In light of recent news, I figured this may actually be the most opportune time for us to talk about the message(s) of this election. It’s really not just about who voters are choosing, but also why they’re voting one way or another (and for that matter, why they’re voting at all).
Health care, really? (Yes, really.)
In D.C. and closer to home, reporters, pundits, and political junkies (myself included) have been asking why President Donald Trump has successfully convinced the vast majority of Republican candidates this year to embrace his platform of “nationalist populism” to take on “economic anxiety” while Democrats have countered with… Health care?!
Yes, really, everyone from former President Barack Obama to U.S. Senator Elizabeth Warren (D-Massachusetts) has talked a whole lot about health care while campaigning for Democrats. There’s a reason why: It’s the top issue for voters nationwide, and the top issue for voters here in Nevada.
When I spoke with Rep. Jacky Rosen (D-Henderson) at Touro Health Center earlier this month, she noted, “People are telling me they’re scared to death for their kids, especially if they have congenital disease or chronic disease. […] All of us are one diagnosis away from a pre-existing condition.”
While Rosen’s laser-focus on health care (and more specifically, protecting the Affordable Care Act [ACA]) has caused plenty of consternation among progressives yearning for a broader and bolder message of economic justice, she is focusing on something that affects the vast majority (if not virtually all) Nevadans. Think of it this way: Some 240,000 Nevadans would lose health insurance if the ACA were “repealed and replaced” (with one the recent GOP alternatives), so you almost certainly know someone who’s benefiting from Medicaid expansion, new patient protections, and/or other parts of the health care law. And with Republicans in the White House and Congress hellbent on expanding access to “junk insurance” that is essentially “coverage in name only”, we may soon have even more Nevadans who are very concerned about their medical bills.
What about this year’s epic immigration conflagration?
All this week, Trump and his allies have been dialing their “outrage-o-meter” up to 11 over refugee caravans (again). Republicans across the country, including Nevada’s own U.S. Senator Dean Heller (R) and Gubernatorial candidate Adam Laxalt (R), have taken their cues from Trump as they’ve been running on the alleged danger these new refugees and established immigrant communities pose to Americans who are already struggling with “economic anxiety”.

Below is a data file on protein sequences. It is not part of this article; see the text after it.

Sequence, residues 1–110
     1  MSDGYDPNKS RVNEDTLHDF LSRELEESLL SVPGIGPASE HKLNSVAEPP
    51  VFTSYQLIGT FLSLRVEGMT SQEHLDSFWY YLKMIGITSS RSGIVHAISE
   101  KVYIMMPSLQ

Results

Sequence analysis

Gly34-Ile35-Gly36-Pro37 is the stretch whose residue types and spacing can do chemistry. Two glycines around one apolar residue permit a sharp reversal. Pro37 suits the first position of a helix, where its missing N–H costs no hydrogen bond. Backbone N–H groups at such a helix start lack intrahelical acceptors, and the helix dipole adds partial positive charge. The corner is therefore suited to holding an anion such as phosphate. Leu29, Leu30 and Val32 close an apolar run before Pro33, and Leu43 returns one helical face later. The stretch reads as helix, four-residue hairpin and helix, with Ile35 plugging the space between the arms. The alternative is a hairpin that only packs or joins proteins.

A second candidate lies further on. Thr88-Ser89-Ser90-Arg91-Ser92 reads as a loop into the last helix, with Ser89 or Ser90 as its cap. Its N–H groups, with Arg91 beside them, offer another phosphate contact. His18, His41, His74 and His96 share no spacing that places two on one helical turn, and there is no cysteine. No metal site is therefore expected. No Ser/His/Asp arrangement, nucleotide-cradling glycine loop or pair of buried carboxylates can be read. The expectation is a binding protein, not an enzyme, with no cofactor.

Never mind that these refugees are escaping unimaginable hardship and seeking refuge the perfectly legal way, Trump is making them part of the Republicans’ closing argument as national media pundits debate how many voters will be won over by Trump’s xenophobia. Yet not only are Trump’s policies based on bigotry and lies, but his politics may not be a winning bet either. Several polls released over the summer showed voters aligning more with Democrats than Republicans on immigration reform, and new Latino Decisions polling data in Nevada and nationally show that voters of color continue to reject the Trump-GOP anti-immigrant agenda… And by extension, Republican candidates like Heller who have come to embrace that agenda.
When Trump was in Las Vegas last month, Culinary Union member Alfonso Maciel spoke with me about how Trump’s attacks on his family and his community have compelled him to take action: “That inspired something in me to make a difference. I want to help make Nevada a place where my family can feel safe. More importantly, I want to make this a place I feel proud to call home.”
I doubt Maciel is alone here. And if the bulk of public polls are just as off on the Nevada electorate this year as they were in 2010, then Heller and other Republicans may soon regret their quick embrace of Trumpism.
What else is motivating voters? (And what’s not?)
Of course, health care and immigrant rights aren’t the only issues motivating voters here. There’s plenty of evidence showing an expanding “gender gap” that’s breaking in Democrats’ favor, a “gender gap” that looks as wide as ever after Republicans’ rush to confirm Supreme Court Justice Brett Kavanaugh and disparage the #MeToo movement.
Closer to home, I’ve witnessed some dedicated local activists who have been pushing for gun violence prevention since the 1 October Las Vegas Shooting (and in some cases, long before last year). At the Culinary Union rally with Joe Biden last Saturday, I reconnected with one of these very dedicated activists: Christine Caria, herself a 1 October survivor. Caria insisted that she’s not alone in making gun violence prevention the make-or-break issue in this election.
As we’ve entered the home stretch of 2018, we’ve seen plenty of headlines and plenty of heartburn over the coarsening and degradation of our politics to the point of “civility” being weaponized as a series of attack ads instead of an actual goal worth aspiring towards. Why isn’t this the biggest issue, that of the survival of our very democracy? Here’s the problem: Most voters don’t see “civility”, “democracy”, and “integrity” as tangible “bread-and-butter, kitchen-table issues”. Or to paraphrase a famous local Gleaner, you can’t eat any of Robert Mueller’s indictments.
Maybe I’m wrong and the Trump administration’s corruption scandals will end up being the deciding issue. But if I’m not, then expect the remainder of the home stretch to be decided on the issues that hit closest to home. And in the meantime, stay tuned for another early vote update to come your way very soon (as in, hopefully tomorrow).